I could turn that around and say how lucky a parent of a paralyzed child is that they don't have to worry about their child running around and falling over hmm Can you imagine how insulting that would be?

We all have different concerns, that some children have Sn doesn't invalidate the concerns and worries of parents of NT children and whilst we feel the utmost respect for those of you who have to cope with SN that doesn't make you deserving of every scrap of sympathy and none left for those with more 'trivial' worries. hmm

It doesn't give ye the monopoly on finding aspects of parenting tough or challenging, and it most certainly doesn't give you the right to slight the queries of another poster.

My ds2 is NT and we spend hours a day trying to get a few morsals of food into him, dd is NT and also barely eats... I know lots of other NT children with huge issues around food that make family life hell, it's not only an SN issue

TAFKAtheUrbanDryad Mon 14-Sep-09 11:38:15

Wispa - that was a little bit harsh! I don't go on private school threads and whinge about how we've got no money, or whatever! I appreciate that parents of SN children often have things very difficult, but that shouldn't preclude the rest of us talking about things that are worrying us about our NT kids, surely? Otherwise MN would be a pretty quiet place!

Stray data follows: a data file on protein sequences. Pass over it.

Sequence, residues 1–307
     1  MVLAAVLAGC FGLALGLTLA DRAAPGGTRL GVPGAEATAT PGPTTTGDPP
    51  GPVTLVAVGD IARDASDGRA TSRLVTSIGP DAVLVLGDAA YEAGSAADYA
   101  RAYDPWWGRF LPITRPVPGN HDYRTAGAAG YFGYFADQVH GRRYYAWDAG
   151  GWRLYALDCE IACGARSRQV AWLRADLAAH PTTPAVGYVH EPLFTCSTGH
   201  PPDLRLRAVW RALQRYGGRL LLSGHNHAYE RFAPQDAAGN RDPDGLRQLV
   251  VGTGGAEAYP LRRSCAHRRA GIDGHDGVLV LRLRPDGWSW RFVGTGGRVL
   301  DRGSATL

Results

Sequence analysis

Aitch - I've no idea if she actually is frustrated, it's very possible that I'm projecting onto her. It's also possible that she's grumpy and whingey at the moment due to the teeth that are due to make an imminent arrival (I hope!) - cold melon slices from the fridge appear to have a soothing effect! She was unimpressed by breakfast this morning (porridge pancakes with banana) but then she's been generally unimpressed with everything today, so I'm not too worried! grin

kalo12 Mon 14-Sep-09 15:17:30

Wispa - it does sound tough for you. Hope you are ok

UD - i know a few babies that don't eat including mine, but incidently shepherds pie was always a winner and its what he ate most reliably.

Rosebud05 Wed 16-Sep-09 21:50:44

What does NT mean?

Knickers0nmahead Thu 17-Sep-09 08:30:47

hmm Whispa.

TAFKA, do you give her cottage pie anyway? Maybe just stick some on a plate and let her get on with it?

IsItMeOr Thu 17-Sep-09 12:09:24

Rosebud - NT = Neuro Typical, as opposed to Neuro Diverse, the preferred term for people with a variety of conditions such as asperger's, autism, dyslexia. I believe it's intended to convey that your brain processes information differently to the average brain, but not placing any positive or negative value on that fact.